Tuesday afternoon, state Rep. Glenn Holmes, D-63 Girard, announced that House Concurrent Resolution 6, legislation he introduced urging GM to keep the Lordstown plant open, passed the House Commerce and Labor Committee unanimously. The legislation calls on GM to award a new product to the plant and says the state and its workers “are ready and willing to come to a solution that puts Ohioans back to work.”

Gov. Mike DeWine already has made a verbal commitment to assist GM, and hopefully the General Assembly will pass the resolution unanimously, Dignan said. “This is a way the state can say we’re here to support GM’s continued investment and they want to partner in that economic development, whatever it takes,” he said.

What happens with the idled plant in large measure depends on labor negotiations between GM and the UAW, “and we’ll go from there,” the chamber leader acknowledged.

Last week, the UAW International’s vice president and its regional director – who is from the Valley – both toured the plant and met with workers.

“They’re fighting for our future. They recognize that we’re not just numbers,” Green said. “These guys really are stepping it up for us and I know they really are going to be fighting as hard as they can, and I’m optimistic that they’re going to be able to get some product allocated for us here in Lordstown.”

As part of the campaign, the chamber also has compiled a list of companies in the northeastern Ohio-western Pennsylvania region that are hiring, among them Anderson-Dubose Co., which primarily supplies McDonald’s restaurants in Ohio, Pennsylvania and West Virginia.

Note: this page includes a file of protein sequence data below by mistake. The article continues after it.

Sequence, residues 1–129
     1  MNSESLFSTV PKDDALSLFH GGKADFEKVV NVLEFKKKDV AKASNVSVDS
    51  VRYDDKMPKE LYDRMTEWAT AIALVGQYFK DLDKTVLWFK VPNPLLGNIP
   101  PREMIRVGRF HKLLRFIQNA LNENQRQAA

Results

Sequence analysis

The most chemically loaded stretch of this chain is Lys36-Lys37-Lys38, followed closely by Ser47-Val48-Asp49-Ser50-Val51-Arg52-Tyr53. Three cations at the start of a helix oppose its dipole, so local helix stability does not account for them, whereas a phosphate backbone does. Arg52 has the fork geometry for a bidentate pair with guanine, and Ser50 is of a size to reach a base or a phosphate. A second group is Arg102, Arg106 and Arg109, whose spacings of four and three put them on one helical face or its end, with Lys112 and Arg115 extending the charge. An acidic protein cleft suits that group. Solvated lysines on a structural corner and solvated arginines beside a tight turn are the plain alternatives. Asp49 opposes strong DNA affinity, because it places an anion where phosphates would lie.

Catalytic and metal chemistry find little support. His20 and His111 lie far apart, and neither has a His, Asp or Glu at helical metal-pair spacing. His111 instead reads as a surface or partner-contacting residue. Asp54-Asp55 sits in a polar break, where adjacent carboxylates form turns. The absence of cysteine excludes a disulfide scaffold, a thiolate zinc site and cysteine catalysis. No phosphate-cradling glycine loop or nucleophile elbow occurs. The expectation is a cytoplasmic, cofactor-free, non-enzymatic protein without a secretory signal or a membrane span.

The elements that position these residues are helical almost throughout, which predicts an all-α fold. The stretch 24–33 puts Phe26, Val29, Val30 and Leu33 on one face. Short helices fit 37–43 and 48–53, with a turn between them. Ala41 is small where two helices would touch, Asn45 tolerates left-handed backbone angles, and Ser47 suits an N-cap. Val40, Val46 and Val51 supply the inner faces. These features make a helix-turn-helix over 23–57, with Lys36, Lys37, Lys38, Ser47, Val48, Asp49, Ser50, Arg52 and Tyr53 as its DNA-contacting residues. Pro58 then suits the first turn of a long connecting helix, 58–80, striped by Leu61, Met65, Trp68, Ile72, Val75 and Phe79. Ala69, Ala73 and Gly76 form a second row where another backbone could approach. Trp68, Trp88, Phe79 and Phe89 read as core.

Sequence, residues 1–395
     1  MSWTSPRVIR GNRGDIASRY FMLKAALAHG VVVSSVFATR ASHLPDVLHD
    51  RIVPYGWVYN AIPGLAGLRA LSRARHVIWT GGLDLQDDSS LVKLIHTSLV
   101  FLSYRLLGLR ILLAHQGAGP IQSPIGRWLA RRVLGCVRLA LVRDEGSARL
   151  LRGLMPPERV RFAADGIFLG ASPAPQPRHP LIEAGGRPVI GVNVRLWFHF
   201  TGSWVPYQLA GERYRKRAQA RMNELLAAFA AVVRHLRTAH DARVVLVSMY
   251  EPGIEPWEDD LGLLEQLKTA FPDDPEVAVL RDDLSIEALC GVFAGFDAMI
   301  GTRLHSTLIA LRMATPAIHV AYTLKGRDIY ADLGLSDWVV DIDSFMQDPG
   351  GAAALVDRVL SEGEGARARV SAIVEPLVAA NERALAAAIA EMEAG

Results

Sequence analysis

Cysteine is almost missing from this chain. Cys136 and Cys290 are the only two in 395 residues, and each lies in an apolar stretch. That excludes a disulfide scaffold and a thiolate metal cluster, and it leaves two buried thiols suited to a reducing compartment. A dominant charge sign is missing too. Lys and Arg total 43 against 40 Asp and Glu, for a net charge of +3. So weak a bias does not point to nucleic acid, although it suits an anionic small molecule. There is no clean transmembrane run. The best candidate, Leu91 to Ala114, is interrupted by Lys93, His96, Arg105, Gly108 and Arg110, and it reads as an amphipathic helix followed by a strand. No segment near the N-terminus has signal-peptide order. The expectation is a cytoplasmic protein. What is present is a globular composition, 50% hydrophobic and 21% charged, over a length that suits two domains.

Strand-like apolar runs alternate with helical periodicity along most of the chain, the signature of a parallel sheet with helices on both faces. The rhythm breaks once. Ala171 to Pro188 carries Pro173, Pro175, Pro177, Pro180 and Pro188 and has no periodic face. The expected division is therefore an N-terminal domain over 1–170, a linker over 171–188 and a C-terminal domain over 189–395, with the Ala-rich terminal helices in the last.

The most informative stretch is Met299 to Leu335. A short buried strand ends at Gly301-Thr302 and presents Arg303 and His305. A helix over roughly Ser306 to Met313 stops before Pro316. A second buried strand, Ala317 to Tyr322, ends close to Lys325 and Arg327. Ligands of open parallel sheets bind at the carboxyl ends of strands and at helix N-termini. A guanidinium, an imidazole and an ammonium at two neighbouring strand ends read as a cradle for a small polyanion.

The company has gotten some applications from GM workers, but many applicants lack Class A commercial driver’s licenses or don’t want to perform the physically demanding work the distribution center requires, said Linsey Gray, human resource manager. Workers from Falcon Transport Co., a transportation services company that serves GM, are the most transferable to the company.

“We are certainly open to interviewing, but I don’t know that many are looking for this type of work,” Gray said. “Also, although we pay well for the area, many are looking for more money than we offer.”

Nearly every day, someone coming into Snips N Curls in Girard is talking about what is happening at the plant, and several customers have had to move, said Paul Polito, acting manager. The Girard salon displays one of the thousands of signs distributed by Drive It Home Ohio.

Polito, who is in a card club with several GM workers, said four of them already moved to Tennessee for work. “I had a few people who were customers who had to move,” he added.

To thank the workers, O’Donold’s Irish Pub & Grill in Austintown will host a  party from 3 to 6 p.m. Friday featuring a complimentary food buffet and drink specials.

“We’ve gotten a lot of GM business throughout the years so we want to give back and show our solidarity in this trying time,” said Christian Rinehart, CEO of Justice League Restaurant Group, which operates O’Donold’s as well as other local restaurants.

The Austintown restaurant gets both retirees and current workers, he said. Many already have moved away to take transfers to other plants.

Rinehart could not say how much the event would cost. “I never thought about it. The cost is not very important because it’s about being part of the community,” he remarked.

Today’s Washington Post: From $22 an hour to $11: GM job cuts in Lordstown, Ohio, show a hot economy is still leaving parts of America behind.

Comprehensive coverage:
Last Shift Arrives at GM Lordstown (Video)
Last Day Dawns at General Motors Lordstown
Flashback: GM Lordstown Celebrated 50 Years Two Years Ago (Video)
Teachers, Autoworkers United to ‘Drive It Home’
UAW, Valley Message to GM: We’re ‘True Blue’ Loyal
Production Ends at GM Lordstown Wednesday

Published by The Business Journal, Youngstown, Ohio.